Since May, more than 30 whales have been found dead on the pacific coast without explanation.
11 fin whales, 14 humpbacks, one gray whale and four unidentified cetaceans were found dead in the western gulf of Alaska. Six more whales were found dead off the coast of British Columbia including four humpbacks, one sperm and one fin whale.
The unknown cause behind the deaths prompted the U.S. National Oceanic and Atmospheric Administration (NOAA) to declare it an “Unusual Mortality Event” last month. But after investigation, scientists think a widespread algae bloom located off the coast could be suspect in the deaths. NOAA spokesperson Julie Speegle told the Guardian:
“Our leading theory at this point is that the harmful algal bloom has contributed to the deaths. But we have no conclusive evidence. The bottom line is we don’t know what’s causing these deaths.”
Scientists have already been monitoring a large stretch of warm water that started out off the coast of Alaska two years ago and has grown to almost 500 miles across. “The Blob,” as it has been named, is several degrees warmer than the surrounding ocean and has caused a record algae bloom spanning the West Coast from Alaska to California.
However, the fast rate of decomposition makes it nearly impossible to sample the dead whales, meaning there may never be a definitive conclusion. Scientists do know of one species of phytoplankton that produces a neurotoxin, which enters the food chain in smaller fish and birds, can cause disorientation and fatal seizures in severe cases.
Although the death count is almost three times the historic average annual mortality rate, whale populations are not overly affected. Marine mammal specialist with the Alaska Sea Grant marine advisory program and on-site coordinator of the UME investigation Bree Witteveen tells Yahoo Canada News:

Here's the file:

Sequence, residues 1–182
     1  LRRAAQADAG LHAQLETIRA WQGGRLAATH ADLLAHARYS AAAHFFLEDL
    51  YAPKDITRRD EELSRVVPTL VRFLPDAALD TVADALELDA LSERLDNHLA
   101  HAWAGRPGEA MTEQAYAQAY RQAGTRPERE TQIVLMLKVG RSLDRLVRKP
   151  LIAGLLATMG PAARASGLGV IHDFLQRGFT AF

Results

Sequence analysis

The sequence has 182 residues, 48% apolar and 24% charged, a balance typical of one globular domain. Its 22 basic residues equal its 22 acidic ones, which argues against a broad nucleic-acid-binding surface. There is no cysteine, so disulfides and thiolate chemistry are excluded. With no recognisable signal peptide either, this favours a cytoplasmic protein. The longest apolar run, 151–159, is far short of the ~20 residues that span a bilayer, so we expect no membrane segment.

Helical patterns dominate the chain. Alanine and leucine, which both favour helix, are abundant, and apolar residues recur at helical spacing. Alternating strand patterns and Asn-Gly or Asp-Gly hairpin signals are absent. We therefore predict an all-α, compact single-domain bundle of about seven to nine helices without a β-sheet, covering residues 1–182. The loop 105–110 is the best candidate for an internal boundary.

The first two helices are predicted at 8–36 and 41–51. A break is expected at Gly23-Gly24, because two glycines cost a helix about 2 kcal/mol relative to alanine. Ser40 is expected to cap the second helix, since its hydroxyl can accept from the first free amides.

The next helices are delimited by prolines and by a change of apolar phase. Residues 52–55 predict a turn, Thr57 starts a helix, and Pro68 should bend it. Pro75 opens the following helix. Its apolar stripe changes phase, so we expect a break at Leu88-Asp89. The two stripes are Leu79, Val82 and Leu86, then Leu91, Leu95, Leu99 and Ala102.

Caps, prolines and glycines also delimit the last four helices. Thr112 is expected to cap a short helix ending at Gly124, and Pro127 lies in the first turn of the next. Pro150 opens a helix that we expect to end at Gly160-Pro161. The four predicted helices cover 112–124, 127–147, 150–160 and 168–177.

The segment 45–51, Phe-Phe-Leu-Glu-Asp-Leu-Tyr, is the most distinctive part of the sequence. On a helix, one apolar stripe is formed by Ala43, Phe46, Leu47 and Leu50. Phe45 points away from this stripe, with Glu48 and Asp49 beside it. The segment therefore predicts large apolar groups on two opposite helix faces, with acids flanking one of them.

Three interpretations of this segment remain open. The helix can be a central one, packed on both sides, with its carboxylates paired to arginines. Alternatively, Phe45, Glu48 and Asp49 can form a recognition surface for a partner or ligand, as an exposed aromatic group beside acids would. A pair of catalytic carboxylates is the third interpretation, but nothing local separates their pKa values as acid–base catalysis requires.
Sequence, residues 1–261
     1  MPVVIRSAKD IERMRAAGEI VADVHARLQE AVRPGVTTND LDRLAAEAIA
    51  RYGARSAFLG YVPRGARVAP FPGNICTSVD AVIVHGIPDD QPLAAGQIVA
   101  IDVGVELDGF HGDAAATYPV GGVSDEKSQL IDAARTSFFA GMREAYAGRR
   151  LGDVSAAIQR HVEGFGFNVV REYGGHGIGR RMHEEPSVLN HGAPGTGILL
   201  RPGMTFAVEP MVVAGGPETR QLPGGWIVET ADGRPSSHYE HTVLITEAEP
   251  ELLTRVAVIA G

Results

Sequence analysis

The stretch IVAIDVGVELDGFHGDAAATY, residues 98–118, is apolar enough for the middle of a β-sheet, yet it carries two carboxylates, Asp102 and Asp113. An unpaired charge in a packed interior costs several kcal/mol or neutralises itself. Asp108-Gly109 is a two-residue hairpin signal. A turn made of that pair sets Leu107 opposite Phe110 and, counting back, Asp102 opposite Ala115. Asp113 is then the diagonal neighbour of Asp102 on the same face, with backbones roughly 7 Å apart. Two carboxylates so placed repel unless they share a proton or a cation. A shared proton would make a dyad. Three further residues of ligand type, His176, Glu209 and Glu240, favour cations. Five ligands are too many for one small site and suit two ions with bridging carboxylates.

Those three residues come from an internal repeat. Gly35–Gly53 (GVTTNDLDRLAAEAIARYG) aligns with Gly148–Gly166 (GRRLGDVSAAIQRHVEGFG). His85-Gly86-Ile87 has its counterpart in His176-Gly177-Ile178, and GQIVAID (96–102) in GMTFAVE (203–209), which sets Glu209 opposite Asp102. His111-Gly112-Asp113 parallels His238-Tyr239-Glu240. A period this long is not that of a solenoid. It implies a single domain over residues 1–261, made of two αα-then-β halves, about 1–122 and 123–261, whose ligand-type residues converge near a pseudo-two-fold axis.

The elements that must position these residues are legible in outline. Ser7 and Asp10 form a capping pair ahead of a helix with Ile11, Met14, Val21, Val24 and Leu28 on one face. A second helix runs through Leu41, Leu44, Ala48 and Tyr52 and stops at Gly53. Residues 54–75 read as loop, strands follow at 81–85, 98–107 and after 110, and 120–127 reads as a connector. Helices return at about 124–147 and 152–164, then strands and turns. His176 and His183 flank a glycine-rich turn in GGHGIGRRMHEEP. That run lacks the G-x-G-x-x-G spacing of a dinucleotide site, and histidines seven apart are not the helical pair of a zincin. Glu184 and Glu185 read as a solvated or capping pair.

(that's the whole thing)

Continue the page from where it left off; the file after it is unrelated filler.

“From a population perspective, the level of deaths that we’ve seen are not likely to have much of an impact. It’s more of a warning sign.”
Arctic ice is melting at an extreme pace, due to climate change, and it’s threatening the walrus. The melting ice is so drastic, it is forcing thousands of walruses to crowd onto the shore of a remote barrier island off Alaska.
The first reported sighting of the walruses came from a photographer on August 23 on the shore of the Chukchi Sea. It was then confirmed 4 days later by villagers in the remote area of Point Lay, according to the U.S. Fish and Wildlife Service.
Such huge gatherings, called haul-outs, are dangerous because walruses are easily spooked by aircrafts or onlookers, which could cause potentially fatal stampedes. Last year, as many as 40,000, mostly females and their young, were forced ashore – the largest known haul-out of its kind in the U.S. Arctic. – and around 60 young walruses were killed because of crowding and stampedes.
The Federal Aviation Authority had to re-route flights and tell pilots to keep their distance to avoid stampedes. U.S. Fish and Wildlife Services spokeswoman Andrea Medeiros told The Guardian:
“Walruses often flee haul-outs in response to the sight, sound, or odor of humans or machines. Walruses are particularly sensitive to changes in engine noise and are more likely to stampede off beaches when planes turn or fly low overhead.”
Many of the walruses seem to prefer hauling out on these barrier islands north of the native village of Point Lay. The villagers dread these record size haul-outs, Point Lay tribal president Leo Ferreira III said:
“We do not believe that these sorts of visits are in the best interest of the walruses and they do not align with the haul out protection role we have developed and measures we set in place to prevent disturbances.”
Since 2000, these forced migrations and haul-outs have become an more and more common. But this year, the sea ice fell to new lows because of rising temperatures and abnormal weather patterns. Some scientists now believe that the Arctic could be ice-free during the summer months by the 2030s, which will have detrimental effects on surrounding human and wildlife populations.